Masculism

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Masculism (or masculinism) refers to political, cultural, and economic movements aimed at establishing and defending equal political, economic, and social rights and participation in society for men and boys. These rights include legal equalities, such as those of conscription, child custody, alimony, and equal pay for equal work. Its concepts sometimes coincide with those of men's rights, father's rights, and men's liberation.[citation needed] Masculism strives to achieve these aims by advocating of the rights or needs of men. It can also be seen as advocating equality between men and women as a reaction against certain feminist positions.

Definition and scope[edit]

The Oxford English Dictionary regards it as: "Advocacy of the rights of men; adherence to or promotion of opinions, values, etc., regarded as typical of men; (more generally) anti-feminism, machismo."[1] Philosopher Ferrell Christensen differentiates the words "masculism" and "masculinism"; he defines the latter as promoting the attributes of manliness.[2]

Christensen differentiates between "progressive masculism" and an "extremist version". The former welcomes many of the societal changes promoted by feminists, while stating that many aimed at reducing sexism against women have had the effect of increasing it against men.[2] The latter promotes male supremacy to some degree and is generally based on a belief in women's inferiority. Nicholas Davidson, in his book The Failure of Feminism describes an extremist version of masculism which he termed "virism". Within Davidson's virism, the improvement of society requires that the influence of female values be decreased and the influence of male values increased.[2][3] From the opposing feminist perspective to philosophy, masculinism seeks to value and include only male views, and claim "that anything that cannot be reduced or translated in men's experience should be excluded from the subject-matter of philosophy."[4]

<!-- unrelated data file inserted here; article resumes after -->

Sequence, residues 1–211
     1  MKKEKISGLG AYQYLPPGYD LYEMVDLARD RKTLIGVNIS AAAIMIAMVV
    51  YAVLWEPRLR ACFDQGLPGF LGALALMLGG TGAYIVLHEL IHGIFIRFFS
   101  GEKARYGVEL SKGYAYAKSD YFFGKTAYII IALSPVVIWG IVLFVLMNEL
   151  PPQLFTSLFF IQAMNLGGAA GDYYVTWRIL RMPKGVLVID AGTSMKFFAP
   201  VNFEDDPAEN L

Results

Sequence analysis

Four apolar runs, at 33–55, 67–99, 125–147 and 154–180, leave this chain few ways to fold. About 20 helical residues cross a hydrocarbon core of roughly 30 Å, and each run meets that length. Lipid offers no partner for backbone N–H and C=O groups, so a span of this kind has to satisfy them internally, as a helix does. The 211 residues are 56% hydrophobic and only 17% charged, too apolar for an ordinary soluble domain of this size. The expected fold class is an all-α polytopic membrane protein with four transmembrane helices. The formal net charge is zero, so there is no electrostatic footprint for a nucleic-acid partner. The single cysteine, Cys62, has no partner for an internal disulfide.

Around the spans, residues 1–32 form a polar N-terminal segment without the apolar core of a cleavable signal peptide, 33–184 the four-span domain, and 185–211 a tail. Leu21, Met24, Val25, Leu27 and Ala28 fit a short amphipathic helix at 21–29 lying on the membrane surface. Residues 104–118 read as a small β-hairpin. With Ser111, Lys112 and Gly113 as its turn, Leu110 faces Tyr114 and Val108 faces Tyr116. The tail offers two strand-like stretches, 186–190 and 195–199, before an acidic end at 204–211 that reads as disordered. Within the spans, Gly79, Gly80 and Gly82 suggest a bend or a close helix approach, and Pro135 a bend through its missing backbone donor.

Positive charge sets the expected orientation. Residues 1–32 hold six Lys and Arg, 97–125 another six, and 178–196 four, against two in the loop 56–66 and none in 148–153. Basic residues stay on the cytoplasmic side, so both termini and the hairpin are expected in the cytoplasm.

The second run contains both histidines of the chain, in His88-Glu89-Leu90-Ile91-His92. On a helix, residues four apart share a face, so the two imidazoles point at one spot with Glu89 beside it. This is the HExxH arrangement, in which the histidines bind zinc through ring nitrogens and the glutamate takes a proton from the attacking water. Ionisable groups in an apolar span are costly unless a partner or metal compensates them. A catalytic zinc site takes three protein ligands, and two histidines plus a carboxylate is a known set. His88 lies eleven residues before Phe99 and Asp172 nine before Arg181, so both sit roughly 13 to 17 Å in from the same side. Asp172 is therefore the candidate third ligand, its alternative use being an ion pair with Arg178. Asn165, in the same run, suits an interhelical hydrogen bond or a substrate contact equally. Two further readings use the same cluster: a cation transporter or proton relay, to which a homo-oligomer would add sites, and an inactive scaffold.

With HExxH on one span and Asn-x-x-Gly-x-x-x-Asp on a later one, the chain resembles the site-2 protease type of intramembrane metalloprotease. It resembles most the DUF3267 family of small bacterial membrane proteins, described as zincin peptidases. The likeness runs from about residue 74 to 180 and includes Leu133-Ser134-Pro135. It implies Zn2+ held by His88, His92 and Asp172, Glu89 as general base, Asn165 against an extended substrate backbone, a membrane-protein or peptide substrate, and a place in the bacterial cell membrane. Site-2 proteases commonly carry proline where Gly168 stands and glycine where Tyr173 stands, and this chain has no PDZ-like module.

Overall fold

Topic areas of interest to Masculism[edit]

Circumcision[edit]

Circumcision may be considered a men's rights issue; especially in countries where male circumcision is legal but female circumcision is illegal.

Custody[edit]

Custody law is perhaps the best-known area of men's rights activism, as it is more common for the mother to obtain custody of children in case of divorce. David Benatar, head of philosophy at the University of Cape Town, argues: "When the man is the primary care-giver his chances of winning custody are lower than when the woman is the primary care-giver. Even when the case is not contested by the mother, he's still not as likely to get custody as when the woman's claim is uncontested".[5]

Education[edit]

Few masculists suggest the abolition of co-educational schooling, believing that single-sex schools are preferred for the well-being of boys.[6] Fewer studies have indicated that because boys attract more teacher attention in classrooms compared to girls, boys also receive harsher forms of punishment as well as more frequent punishment than girls for the same offenses.[7]

Employment[edit]

Data from 1994 in the U.S. reported that 94% of workplace fatalities occur to men. Masculist Warren Farrell has argued that men are often clustered in dirty, physically demanding and hazardous jobs in an unjustifiably disproportionate manner.[7] The male unemployment rate is 7% higher than the female unemployment rate.[8]

Paternity fraud[edit]